As I realized when hitting stop on the tape recorder during that interview of my friends many years ago, the Latvian language is the one thing Latvians have that no other people in the world have. But it was to be another dozen years before I would fully understand the benefits that learning a second language would give me. When my parents made the decision over thirty years ago to teach me Latvian and English, I was given a gift. That gift of a second language has opened doors, created opportunities, and left me with an insight into and appreciation for different cultures and different worlds than my own. And the realization that has come to me today is that I possess no greater gift which to give to my sons.
This essay is my entry into the Inspire Language Learning: Blogger Challenge.
As the winner will be determined by a combination of facebook "likes" and a jury panel, please help me by hitting the "like" button below!
Thanks to Russell Ward for bringing my attention to this contest! You can check out his entry over at In Search of a Life Less Ordinary.


  1. I agree wholeheartedly! My daughter, who was born in Canada, speaks 3 languages. Her father and I are Polish. We lived in Ontario (predominantly English speaking province). However, my daughter went to a French Immersion school, so half of her schooling was in English and half in French. At home we spoke Polish. Now, my daughter and I live in Poland so my daughter is immersed in Polish on daily basis even though she attends an American school here. Her transition to Poland would not be so easy, however, if she didn't know some Polish in the first place.

  2. Liene, I sincerely loved reading this essay. I teared up as I read about what a gift that second language was, binding you to your grandmother in her homeland. I am fluent in three languages. One of them, a Filipino dialect, I almost never have the opportunity to speak, since it's more rare for someone in that region of the Philippines to be able to immigrate. Amelia learned German very quickly while we were there, and it was incredible to watch her transform into a German child (mannerisms, facial expressions, and tone) when she spoke it. She also forgot it quickly, but I know that if she chooses to study it someday, it will just make sense to her. Probably the same goes for Lauris and French.

  3. I love this post! Having at least one child that is bilingual amazes me, just to see how easily he cans switch between languages. I hope he never loses that!

  4. As two children of Latvian displaced persons, we never had a second thought as to what our primary home language should be! You didn't learn to speak English until entering kindergarten, and contrary to uninformed warnings - never had difficulty because of it! For you, same as for me, you probably do not even remember not understanding or speaking English. In fact, you probably don't remember that you used to "translate" for me at the grocery store, because, I suspect, you thought that I didn't understand English! To all of us in our extended family, the fact that Latvian was our first language - our mother tongue - has never been an encumberance; we are all richer in many ways for it. I feel especially blessed that all four of our children are fluent in Latvian, that we still speak Latvian to each other, and that in fact, our first two grandchildren - the third American-born generation - are saying their first sentences in Latvian! A debt of gratitude to our parents (in many cases already bilingual before immigrating to the US, because that's what people in Europe do), our grandparents (who often learned their third or fourth language - English - in middle age; not an easy feat), who in turn inherited their understanding of multilingualism from long-gone ancestors.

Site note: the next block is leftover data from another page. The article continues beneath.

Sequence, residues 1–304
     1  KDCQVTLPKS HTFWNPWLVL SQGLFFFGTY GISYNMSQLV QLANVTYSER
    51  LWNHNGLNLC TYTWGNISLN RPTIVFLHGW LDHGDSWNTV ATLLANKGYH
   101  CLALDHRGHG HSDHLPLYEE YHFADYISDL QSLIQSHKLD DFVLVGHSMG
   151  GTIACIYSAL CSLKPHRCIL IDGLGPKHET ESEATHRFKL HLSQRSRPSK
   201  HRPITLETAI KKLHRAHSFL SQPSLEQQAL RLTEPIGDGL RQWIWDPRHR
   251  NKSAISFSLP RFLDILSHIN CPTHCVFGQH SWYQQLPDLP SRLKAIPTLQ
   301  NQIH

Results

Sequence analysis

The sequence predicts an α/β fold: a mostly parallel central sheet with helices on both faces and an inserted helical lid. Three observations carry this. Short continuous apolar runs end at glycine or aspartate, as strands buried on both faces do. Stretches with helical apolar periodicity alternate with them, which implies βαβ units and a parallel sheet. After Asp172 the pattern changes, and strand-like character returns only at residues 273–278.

Being bilingual has not only been an intellectual benefit to your and our generation - since reinstated independence in Latvia has allowed it to become part of the European Union, doors open for freedom of travel and employment opportunities.

    I am PROUD to read your essay!

    Inga (Liene's "mammīte")

  5. Sveiks Liene...I remember not being able to speak English when I started this school but this did not hinder me in the least in learning it! My Father in Law (many years later) told me that children like this can often end up learning the language really well which is certainly true in my case. One thing I do regret though is not teaching my children Latvian...and my Daughter wishes I had of! Good Luck to you xo

  6. Being bilingual is a huge benefit in life and when I have kids, I'm starting them on languages as early as possible! :)

  7. What a thoughtful and erudite post, Liene. It was a pleasure to read. Thanks so much for sharing your background - it filled in missing parts for me.

    I am a strong advocate of learning foreign languages. You can read about why in my post at

    Best of luck in the competition!

    J x

  8. Thanks Liene for the link share! Glad I brought attention to the competition for you and you felt inspired to write such a thoughtful post. It's a long road ahead for me on this path to raising my children bilingually but I'm looking forward to it for the reasons you note above and more. Cheers and good luck!

  9. Terrific essay - and I love the graphic. And I especially love your #1 reason you're raising the kids bilingual... LOVE! I wish we could be more intentional about it, but it's hard when neither my husband and I are completely fluent in another language. Your kids (and you) are so lucky to have this experience.